Immediate Cardiac Care
As a matter of fact, India is the only country in the world, in which people in their twenties and thirties suffer massive heart attacks which require immediate angioplasties. Consider this – 40 per cent of the victims are below the age of 45 years.
We, Indians, are genetically more prone to heart attacks – and our dietary habits, sedentary lifestyle and newfound stress post-liberalisation, add to the problem.
To tackle this problem we need to take two steps. The first one is, to prevent people from neglecting their health to such an extent that they have a heart attack in the first place. The second step is, to take immediate action when a heart attack does take place.
- When an artery gets blocked, heart muscles begin to die.
- If a patient comes to a doctor within two hours of a heart attack, he will immediately be administered thrombolytic agents to dissolve blood clots causing the heart attack.
- After this, a primary angioplasty is carried out,even while the heart attack is taking place.
- Both these measures dramatically improve the patient’s chance to survive the attack.
- Beyond two hours, thrombolytic agents cease to work effectively.
- Unfortunately, most patients reach the hospital after two hours. This significantly lowers their options.
The effective treatment of heart attacks is hampered by time delays. Most patients arrive too late to be treated with thrombolytic agents, significantly lowering their chances of survival. Young patients, meanwhile, don’t believe that they are having a heart attack. A 20-year-old student, for instance, will probably think that he has gastritis or something minor and neglect the initial warning signs of a heart attack.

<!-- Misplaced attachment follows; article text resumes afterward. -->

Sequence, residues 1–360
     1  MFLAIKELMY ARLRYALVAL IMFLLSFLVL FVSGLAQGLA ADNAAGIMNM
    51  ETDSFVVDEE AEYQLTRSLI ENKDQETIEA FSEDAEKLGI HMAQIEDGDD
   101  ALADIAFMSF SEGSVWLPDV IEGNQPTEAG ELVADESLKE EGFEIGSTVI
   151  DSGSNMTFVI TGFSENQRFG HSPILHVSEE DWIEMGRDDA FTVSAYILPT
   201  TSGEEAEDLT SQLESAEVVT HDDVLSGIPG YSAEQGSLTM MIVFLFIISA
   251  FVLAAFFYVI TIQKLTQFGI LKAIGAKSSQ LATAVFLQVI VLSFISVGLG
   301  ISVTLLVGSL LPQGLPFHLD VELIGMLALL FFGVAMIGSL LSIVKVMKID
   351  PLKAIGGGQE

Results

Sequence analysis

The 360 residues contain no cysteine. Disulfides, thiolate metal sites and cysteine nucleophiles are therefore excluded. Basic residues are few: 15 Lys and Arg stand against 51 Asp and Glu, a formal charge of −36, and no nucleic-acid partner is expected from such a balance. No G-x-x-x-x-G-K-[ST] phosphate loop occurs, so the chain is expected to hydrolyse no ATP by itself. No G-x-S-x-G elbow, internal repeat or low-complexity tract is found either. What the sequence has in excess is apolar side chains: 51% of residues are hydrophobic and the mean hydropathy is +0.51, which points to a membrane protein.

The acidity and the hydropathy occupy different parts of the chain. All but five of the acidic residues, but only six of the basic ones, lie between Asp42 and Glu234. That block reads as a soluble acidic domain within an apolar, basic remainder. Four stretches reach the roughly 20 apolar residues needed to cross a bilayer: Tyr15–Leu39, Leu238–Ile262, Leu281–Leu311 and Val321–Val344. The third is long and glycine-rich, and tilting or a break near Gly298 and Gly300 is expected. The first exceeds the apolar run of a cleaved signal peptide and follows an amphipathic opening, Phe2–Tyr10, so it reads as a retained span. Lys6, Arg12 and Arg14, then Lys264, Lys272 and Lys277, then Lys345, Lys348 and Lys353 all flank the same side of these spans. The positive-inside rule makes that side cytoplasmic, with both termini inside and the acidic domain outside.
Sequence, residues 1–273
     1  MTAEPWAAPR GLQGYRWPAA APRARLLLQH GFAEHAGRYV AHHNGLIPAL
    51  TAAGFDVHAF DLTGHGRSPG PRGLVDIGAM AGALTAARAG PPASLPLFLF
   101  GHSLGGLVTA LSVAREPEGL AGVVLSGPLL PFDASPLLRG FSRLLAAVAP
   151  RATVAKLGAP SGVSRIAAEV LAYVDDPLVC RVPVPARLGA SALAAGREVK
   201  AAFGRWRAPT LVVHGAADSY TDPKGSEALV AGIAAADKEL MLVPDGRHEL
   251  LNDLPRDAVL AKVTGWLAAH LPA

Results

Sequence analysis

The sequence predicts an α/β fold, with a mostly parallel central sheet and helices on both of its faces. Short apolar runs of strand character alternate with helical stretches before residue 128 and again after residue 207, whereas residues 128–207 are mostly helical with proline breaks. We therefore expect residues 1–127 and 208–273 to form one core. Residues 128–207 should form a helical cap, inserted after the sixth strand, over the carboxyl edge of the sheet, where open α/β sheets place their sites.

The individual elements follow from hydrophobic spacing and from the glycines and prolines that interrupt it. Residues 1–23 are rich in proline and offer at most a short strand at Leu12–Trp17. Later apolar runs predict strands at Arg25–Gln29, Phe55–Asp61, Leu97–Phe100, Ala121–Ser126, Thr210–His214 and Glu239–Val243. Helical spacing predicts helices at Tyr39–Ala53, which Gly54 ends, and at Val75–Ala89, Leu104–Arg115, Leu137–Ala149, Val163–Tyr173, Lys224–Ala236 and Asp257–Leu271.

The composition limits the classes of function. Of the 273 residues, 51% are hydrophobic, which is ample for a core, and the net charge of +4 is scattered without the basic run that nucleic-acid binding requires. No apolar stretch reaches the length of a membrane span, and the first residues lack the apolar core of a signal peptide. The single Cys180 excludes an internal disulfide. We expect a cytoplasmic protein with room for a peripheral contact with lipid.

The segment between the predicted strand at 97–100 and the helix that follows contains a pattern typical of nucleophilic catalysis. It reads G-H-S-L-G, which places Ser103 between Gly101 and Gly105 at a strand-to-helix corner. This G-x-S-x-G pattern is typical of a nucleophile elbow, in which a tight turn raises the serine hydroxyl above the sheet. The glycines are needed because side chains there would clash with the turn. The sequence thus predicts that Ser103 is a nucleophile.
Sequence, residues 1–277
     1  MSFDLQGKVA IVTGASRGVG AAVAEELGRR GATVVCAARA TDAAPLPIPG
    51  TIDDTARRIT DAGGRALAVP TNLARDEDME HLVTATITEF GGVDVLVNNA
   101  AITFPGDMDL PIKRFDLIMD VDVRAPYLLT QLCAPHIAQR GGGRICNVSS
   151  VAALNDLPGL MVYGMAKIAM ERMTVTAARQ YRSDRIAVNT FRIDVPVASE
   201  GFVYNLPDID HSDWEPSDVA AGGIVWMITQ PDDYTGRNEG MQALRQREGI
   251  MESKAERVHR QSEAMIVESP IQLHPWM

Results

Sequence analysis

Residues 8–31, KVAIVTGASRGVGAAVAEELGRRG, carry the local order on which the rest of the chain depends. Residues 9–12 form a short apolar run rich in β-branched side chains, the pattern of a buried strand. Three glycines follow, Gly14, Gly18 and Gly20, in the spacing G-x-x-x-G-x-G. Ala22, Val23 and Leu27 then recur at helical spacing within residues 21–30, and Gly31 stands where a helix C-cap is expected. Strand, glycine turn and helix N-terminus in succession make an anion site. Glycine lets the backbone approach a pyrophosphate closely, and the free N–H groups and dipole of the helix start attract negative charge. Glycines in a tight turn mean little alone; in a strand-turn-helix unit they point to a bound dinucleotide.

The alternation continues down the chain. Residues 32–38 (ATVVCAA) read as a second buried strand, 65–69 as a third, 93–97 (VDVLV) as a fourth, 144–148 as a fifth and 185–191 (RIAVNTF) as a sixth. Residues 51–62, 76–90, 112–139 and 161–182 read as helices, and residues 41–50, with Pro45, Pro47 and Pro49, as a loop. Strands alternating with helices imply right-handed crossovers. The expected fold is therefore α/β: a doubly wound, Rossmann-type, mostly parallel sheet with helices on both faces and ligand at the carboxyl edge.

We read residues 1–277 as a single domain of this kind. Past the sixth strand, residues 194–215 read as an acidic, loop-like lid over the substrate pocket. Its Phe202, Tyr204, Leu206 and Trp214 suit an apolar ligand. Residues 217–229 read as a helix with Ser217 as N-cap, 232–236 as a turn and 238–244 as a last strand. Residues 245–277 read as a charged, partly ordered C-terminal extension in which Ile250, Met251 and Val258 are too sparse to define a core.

The Killip classification system is used to stratify those having a heart attack. Those with a low Killip class are less likely to die within the first 30 days after their myocardial infraction (heart attack) than individuals with a high Killip class:
1. Killip class I: Individuals with no clinical signs of heart failure.
2. Killip class II: Those with crackles in the lungs and elevated jugular venous pressure.
3. Killip class III: Patients with frank acute pulmonary oedema (failure of the heart to remove fluid from the lung circulation fluid accumulation in the lungs, leading to impaired gas exchange, liable to may cause respiratory failure).
4. Killip class IV describes individuals in cardiogenic shock or hypotension (measured as systolic blood pressure lower than 90 mmHg), and evidence of peripheral vasoconstriction (oliguria, cyanosis or sweating).
While Class I patients have a 99 per cent survival rate, Class IV patients are the least likely to make it. But today, owing to advancements in technology, even Killip Class IV patients can have low mortality rates.
- Once a patient reaches a hospital, in-hospital delay also lowers their chances of survival.
- Ensure the hospital you drive to in case of a cardiac emergency is Primary Angioplasty (PA) capable. These hospitals should have technicians who work round-the-clock to deliver medical reports. For instance, Apollo Hospitals is one of the few in the country to have a 24×7 CAT lab.
- If a hospital does not have the necessary expertise, they should arrange for the immediate transfer of their patients to hospitals with PA capabilities, after administering preliminary treatment to the patient.